Above all else, Erickson argued, a city should provide as much flexibility in developments as possible. "You really should be in a position where zoning laws do not require you to put in parking," he said.
Across the Bay in Berkeley and Oakland, Patrick Kennedy has been building residential units with scant parking for decades. Kennedy’s Panoramic Interests is responsible for much of Berkeley’s current skyline, including the Gaia Building and the Fine Arts Building, and his mission is to build infill development near transit with as little parking as necessary.
One glance at his website and you understand the developer is unlike many others, with quotes from Lewis Mumford ("Cities exist not for the passage of cars, but for the care and culture of human beings) and Jane Jacobs ("Possibilities to add convenience, intensity and cheer in cities… are limitless") alongside before-and-after photos of his buildings. For Kennedy, building more parking is a choice that reflects a developer’s priorities.
"If you want to go after the densest configuration of housing, you have to not plan around the car," said Kennedy. "Spaces for cars cost a lot more to build than spaces for people because they chew up so much space."
Kennedy admits that he hasn’t built condos since 1996 and that much of his units are taken by students and young professionals in the UC Berkeley orbit, a decidedly less car-dependent demographic who are seeking a city experience. He is, however, currently developing a building in San Francisco two blocks from a BART station, where he intends to limit parking significantly. The building will have 23 units and parking for only two cars, both of which will be car-share vehicles.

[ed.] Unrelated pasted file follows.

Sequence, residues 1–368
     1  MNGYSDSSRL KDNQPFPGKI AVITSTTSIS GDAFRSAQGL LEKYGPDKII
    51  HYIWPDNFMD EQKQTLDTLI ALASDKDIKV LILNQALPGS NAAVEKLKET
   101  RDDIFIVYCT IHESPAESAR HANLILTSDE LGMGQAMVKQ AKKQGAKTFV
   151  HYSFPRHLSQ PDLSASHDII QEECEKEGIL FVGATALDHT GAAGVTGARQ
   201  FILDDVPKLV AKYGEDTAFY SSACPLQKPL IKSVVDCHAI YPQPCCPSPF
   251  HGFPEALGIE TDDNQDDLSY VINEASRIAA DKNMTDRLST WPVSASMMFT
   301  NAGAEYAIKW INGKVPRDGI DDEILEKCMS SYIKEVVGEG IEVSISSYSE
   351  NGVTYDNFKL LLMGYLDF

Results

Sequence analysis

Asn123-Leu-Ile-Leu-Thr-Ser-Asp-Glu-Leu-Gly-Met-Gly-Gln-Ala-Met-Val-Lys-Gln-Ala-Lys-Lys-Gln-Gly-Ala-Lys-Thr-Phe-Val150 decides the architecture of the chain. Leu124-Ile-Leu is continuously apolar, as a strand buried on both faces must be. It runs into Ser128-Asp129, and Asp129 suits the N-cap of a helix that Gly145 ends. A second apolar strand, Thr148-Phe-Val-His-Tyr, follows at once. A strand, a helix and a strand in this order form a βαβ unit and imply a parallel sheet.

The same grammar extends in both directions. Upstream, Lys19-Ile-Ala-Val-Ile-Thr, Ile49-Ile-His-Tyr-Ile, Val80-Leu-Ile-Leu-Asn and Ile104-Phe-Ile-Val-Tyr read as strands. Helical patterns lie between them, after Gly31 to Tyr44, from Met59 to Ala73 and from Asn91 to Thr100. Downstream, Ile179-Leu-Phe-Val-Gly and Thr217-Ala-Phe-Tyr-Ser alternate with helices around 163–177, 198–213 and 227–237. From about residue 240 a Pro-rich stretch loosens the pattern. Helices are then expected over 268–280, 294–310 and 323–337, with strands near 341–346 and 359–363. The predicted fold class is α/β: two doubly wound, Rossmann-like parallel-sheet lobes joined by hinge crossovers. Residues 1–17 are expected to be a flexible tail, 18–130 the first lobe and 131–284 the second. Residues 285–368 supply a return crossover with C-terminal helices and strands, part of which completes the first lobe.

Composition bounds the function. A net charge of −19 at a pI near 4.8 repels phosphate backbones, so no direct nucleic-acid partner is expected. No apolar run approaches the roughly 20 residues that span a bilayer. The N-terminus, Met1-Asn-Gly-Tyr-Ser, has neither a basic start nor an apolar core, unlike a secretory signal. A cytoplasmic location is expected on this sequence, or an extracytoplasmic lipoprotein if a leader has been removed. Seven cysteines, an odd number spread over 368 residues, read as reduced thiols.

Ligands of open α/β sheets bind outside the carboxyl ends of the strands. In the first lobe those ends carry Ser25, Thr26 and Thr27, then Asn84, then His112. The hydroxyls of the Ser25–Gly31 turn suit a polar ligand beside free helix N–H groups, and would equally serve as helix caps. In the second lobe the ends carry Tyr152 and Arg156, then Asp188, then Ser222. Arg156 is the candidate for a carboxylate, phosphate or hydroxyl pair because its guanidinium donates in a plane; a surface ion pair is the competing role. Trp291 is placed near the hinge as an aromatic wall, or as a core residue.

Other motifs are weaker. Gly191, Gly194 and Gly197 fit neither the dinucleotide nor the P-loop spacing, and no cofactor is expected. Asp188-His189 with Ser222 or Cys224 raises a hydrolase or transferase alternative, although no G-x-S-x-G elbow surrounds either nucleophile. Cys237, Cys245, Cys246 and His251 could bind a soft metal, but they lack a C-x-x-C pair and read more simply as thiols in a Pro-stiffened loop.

"If the car is considered a mere afterthought, we can get [more] units in. Building a parking space costs at least $50,000 per car, including opportunity costs for what else might have gone in the space," said Kennedy, adding that if they were to build the building with conventional parking ratios, he could probably only squeeze 6 units into the same space.
Kennedy argued that parking requirements can be a significant barrier to home-ownership for first-time buyers. "If you’re going to get the entry-level, it’s smart to keep prices down. If you had the choice of a small condo that had a parking space for $450,000 or a condo for $250,000 without a car space, which [would you choose]?"
"Owning a car is expensive in a city," he added. "You can manage in San Francisco without a car if you’re in a neighborhood with a lot of transit."
Both Erickson and Kennedy stressed the importance of providing choice to customers, not excluding parking completely, but recognizing that more and more people who choose to live in cities might not want the parking space.
Kennedy explained that he lived car-free for four years in Cambridge when he was a student, which he extolled with the fervor one might expect from a bicycle advocate. "The best way to force [people] out of a car is to not provide them a place to park," said Kennedy, before asking whether Superior Court Judge Peter Busch had lifted the bicycle injunction in San Francisco.
Referring to cyclists and others who don’t own cars: "I think it’s important to provide them with an opportunity to live a car-free life if they choose to."